My sincere thanks to all of the fabulous authors who have written such great stories and agreed to be part of the whole Infinity madness.
This week Gary and Jonathan are joined by Hugo, Nebula and World Fantasy Award winning writer Kij Johnson to discuss her Nebula Award nominated novella The Dream-Quest of Vellitt Boe and her forthcoming novel The River Bank, how it’s possible to re-imagine the worlds of classic fiction in bold and useful ways, recording audiobooks and how reading aloud changes what you write, and much more.
As always, we’d like to thank Kij for making the time to join us, and hope you enjoy the episode. We’d also note that this is our 300th episode. So our sincere thanks to you, our listeners, for sticking with us!
It’s awards season and the judges of the 2017 Philip K. Dick Award and the Philadelphia SF Society, along with the Philip K. Dick Trust, have released the first major ballot of the year. The nominated works for the 2017 Philip K. Dick Award for ‘distinguished science fiction published in paperback original form in the United States during the previous calendar year’ are:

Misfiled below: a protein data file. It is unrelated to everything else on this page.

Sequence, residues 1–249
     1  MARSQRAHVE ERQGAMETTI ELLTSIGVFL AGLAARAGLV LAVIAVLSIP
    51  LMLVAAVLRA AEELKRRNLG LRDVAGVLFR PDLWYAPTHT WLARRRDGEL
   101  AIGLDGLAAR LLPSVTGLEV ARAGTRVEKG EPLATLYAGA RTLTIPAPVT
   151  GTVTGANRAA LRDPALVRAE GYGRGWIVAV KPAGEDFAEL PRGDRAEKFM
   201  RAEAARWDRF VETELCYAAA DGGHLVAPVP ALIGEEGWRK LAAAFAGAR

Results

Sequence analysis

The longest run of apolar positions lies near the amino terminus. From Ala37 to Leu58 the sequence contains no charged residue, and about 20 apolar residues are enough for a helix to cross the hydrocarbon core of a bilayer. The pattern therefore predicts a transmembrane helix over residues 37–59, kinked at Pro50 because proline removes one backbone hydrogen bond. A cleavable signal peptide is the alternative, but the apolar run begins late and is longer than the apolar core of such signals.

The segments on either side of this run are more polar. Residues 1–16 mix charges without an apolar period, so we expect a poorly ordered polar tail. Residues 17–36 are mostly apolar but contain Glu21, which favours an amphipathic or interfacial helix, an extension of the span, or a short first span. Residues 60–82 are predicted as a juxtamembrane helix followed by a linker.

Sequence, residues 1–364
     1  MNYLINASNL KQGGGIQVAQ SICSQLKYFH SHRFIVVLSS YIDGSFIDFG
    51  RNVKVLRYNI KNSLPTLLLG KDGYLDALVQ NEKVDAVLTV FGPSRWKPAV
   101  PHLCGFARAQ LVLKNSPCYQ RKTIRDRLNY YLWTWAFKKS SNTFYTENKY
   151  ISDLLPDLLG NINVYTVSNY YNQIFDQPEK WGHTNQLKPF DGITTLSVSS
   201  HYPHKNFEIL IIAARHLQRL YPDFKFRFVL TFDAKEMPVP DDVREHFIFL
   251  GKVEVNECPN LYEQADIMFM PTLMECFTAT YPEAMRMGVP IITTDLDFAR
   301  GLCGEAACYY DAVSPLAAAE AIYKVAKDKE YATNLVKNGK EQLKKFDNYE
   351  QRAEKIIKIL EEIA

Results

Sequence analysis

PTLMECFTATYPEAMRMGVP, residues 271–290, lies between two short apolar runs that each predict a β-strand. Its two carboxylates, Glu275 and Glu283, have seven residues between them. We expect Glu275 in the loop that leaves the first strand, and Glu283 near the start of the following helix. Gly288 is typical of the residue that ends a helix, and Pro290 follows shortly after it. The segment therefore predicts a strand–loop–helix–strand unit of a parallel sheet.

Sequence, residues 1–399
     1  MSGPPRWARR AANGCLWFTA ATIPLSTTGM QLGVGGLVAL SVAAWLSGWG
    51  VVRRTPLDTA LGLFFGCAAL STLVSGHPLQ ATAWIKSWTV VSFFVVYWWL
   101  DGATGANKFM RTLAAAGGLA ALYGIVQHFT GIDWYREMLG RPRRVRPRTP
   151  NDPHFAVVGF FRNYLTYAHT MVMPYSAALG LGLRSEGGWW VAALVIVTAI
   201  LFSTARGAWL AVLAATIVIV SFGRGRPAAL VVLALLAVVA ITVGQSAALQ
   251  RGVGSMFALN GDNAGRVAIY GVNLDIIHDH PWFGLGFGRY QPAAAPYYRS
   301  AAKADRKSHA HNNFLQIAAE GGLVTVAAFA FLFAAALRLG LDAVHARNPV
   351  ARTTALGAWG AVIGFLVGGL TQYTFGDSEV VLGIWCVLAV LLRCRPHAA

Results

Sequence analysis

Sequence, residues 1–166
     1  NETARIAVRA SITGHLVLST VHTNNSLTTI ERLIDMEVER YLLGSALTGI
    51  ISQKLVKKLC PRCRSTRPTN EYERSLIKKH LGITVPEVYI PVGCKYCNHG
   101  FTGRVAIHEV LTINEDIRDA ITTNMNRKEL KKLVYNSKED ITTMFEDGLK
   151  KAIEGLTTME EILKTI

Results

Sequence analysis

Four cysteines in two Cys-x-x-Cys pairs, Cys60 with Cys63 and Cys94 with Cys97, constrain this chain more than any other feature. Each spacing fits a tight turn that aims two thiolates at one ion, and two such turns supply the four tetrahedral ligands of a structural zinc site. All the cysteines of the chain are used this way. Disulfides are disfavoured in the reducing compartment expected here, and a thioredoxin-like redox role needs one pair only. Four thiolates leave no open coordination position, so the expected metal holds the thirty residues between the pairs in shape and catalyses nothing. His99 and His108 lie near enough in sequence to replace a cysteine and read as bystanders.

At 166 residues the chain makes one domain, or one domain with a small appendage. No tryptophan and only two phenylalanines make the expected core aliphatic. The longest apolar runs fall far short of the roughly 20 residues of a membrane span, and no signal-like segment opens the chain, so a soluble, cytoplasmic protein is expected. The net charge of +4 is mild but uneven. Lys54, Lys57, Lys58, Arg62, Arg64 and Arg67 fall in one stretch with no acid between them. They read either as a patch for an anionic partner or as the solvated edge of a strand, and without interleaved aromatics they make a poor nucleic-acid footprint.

At midnight tonight Barrack Obama will end his term as the 44th President of the United States. He is, in my opinion, unquestionably the greatest president of my lifetime. I have no real memory of Lyndon Johnson’s presidency. I do recall Richard Nixon’s fall from grace, which I consider the most damaging thing done to the office. Ford and Carter are a blur. Reagan was a cartoon nightmare, and then there was Bush 1, Bush 2, and Bubba Clinton with all of his flaws. Obama has been relentlessly intelligent, classy and, damn it, presidential. He is a wonderful orator, and seems smart and decent and all you could hope for in a world leader. It’s been incredible to be alive for his presidency.
But, when midnight strikes and we begin our march towards the dead of night, Donald J. Trump will assume office as the 45th president. For all that there are many, many things surrounding his presidency that are deeply concerning – even from here in Australia – it’s probably fair to say the most stressful thing about it right now is the unknown. No one really knows what he will do, how we will attempt to do it, or what affect it will have. I confess that I am deeply pessimistic. I feel that he will leave the US and its allies fundamentally worse off than how he now finds it. I think people I care about, and many people I’ll never meet, will suffer as a result of his ascending to office, and that Australia’s economy will likely suffer too. We shall see. I earnestly hope I’m wrong.
In the meantime, strictly by coincidence, my own first act of the Trump Presidency will be to go to the Perth Arena on Sunday evening and watch Bruce Springsteen and the E Street Band live in concert for just the seventh time. I’m pretty excited about. How about you? What will you be doing?